Four autonomous systems; the only ISP that's usable for home users we have been able to identify is Axtel, with which we have five relays currently running; three at UNAM, the biggest university in the country; one in CINVESTAV, an important research facility; finally, one in Mega Cable, which surprises me, as Mega Cable does not provide a reachable IP for any of the subscribers we have probed! (Maybe it's run by corporate users or something like that?)

And, very notably: I have to recognize and thank our friends at Red en Defensa de los Derechos Digitales (R3D), as they have set up our –so far– only exit node (via the Axtel ISP). Wow!

Ten relays, mind you, is still a tiny contribution. Due to the bandwidth we are currently able to offer (and many many many other factors I cannot go into details, as I don't even know them all), Mexico as a country is currently providing approximately 0.05% (that is, one out of each 2000) Tor connections as a guard (entry) node, a slightly higher amount as a middle node, and a slightly lower amount as an exit node. But it is steadily increasing, and that's great!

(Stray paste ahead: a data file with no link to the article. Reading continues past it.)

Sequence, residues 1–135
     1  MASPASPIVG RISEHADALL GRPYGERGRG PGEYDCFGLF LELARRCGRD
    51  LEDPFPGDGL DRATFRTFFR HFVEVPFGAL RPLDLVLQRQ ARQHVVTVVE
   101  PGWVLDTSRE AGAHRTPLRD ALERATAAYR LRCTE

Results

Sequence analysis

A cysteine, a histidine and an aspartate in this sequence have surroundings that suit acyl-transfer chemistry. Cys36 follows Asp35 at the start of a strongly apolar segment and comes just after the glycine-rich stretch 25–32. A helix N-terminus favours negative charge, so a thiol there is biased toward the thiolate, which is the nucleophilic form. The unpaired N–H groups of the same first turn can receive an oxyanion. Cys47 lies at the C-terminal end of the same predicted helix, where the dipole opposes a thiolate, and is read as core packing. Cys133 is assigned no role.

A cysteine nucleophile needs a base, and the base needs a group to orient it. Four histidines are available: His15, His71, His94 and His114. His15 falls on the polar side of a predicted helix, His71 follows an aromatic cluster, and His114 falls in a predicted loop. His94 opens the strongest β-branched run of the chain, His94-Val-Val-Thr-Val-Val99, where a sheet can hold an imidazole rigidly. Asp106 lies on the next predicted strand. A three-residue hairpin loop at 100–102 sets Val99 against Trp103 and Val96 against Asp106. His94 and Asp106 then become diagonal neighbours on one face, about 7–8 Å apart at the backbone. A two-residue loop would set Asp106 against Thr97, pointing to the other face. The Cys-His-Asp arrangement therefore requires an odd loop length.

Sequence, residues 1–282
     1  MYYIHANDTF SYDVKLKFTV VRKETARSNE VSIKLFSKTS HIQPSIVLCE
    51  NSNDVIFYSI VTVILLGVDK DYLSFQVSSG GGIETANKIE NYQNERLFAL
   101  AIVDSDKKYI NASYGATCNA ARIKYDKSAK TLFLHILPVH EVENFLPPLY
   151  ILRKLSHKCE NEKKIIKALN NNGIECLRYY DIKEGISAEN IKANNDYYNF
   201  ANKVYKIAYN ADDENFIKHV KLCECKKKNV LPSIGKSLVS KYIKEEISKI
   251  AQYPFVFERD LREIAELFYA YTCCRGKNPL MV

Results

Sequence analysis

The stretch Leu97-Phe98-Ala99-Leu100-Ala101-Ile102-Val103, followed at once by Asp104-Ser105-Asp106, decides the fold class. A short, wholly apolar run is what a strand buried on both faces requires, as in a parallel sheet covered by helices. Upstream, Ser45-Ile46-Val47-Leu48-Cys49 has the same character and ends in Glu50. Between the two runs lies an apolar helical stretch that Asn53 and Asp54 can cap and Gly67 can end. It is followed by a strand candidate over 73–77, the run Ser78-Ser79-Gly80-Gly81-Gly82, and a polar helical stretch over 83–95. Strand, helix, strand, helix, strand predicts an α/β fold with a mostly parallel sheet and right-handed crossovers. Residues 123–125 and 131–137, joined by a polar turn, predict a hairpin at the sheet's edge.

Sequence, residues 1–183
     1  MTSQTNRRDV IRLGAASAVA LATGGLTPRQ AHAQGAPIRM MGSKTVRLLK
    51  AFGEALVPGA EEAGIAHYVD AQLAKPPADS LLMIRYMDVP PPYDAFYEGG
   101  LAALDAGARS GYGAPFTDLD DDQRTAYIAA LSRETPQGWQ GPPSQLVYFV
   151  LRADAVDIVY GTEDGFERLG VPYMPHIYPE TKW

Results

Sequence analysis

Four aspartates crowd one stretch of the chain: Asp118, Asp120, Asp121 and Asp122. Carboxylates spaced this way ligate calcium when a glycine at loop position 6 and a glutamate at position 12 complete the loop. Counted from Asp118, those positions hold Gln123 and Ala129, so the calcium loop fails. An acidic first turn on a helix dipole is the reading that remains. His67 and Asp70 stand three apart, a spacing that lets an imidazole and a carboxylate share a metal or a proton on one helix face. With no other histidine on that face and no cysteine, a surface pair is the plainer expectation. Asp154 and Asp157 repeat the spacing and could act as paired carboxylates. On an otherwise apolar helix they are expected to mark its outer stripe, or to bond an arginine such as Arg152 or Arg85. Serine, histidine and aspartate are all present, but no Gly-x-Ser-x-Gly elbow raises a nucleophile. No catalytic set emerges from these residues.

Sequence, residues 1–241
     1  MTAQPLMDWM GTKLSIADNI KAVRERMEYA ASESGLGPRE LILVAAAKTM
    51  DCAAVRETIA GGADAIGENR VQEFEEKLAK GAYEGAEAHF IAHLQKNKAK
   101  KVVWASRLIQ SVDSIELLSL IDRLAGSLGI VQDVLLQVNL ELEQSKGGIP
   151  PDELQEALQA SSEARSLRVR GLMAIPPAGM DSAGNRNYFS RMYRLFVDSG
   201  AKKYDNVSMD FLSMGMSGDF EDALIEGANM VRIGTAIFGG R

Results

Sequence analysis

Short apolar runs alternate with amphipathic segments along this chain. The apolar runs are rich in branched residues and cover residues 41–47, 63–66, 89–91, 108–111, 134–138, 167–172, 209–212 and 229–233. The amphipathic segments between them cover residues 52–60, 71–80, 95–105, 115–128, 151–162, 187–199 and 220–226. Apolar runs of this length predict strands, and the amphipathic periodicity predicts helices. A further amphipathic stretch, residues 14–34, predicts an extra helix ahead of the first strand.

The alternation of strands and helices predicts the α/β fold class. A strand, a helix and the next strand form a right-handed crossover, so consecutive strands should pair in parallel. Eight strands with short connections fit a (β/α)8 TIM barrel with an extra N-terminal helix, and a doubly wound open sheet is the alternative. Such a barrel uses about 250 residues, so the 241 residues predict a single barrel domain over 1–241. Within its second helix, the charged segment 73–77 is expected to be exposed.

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Letter to UNAM's Rector regarding the facts of September 3rd; omission, complicity and impunity are also violence

Submitted by gwolf on Wed, 09/05/2018 - 13:09

Our university, among the largest in the world and among the most important in Latin America, had an unexpected and traumatic event last September 3rd: A group of students from one of the high schools our university operates, peacefully protesting, demanding mostly proper study conditions and better security for their area, were violently attacked by a large, organized group. Things are still very much in flux, and we have yet to see what this really meant, and what are its consequences.

But in the meantime, I cannot but take as mine the following words, by Comité Cerezo. I am sorry for not translating into English, interested people will be able to do so using automated services or human talent.

Original here: Carta al Rector de la UNAM por los hechos sucedidos el 3 de septiembre: la omisión, complicidad e impunidad también son violencia

Ciudad Universitaria 4 de septiembre de 2018

Enrique Luis Graue Wiechers
Rector de la Universidad Nacional Autónoma de México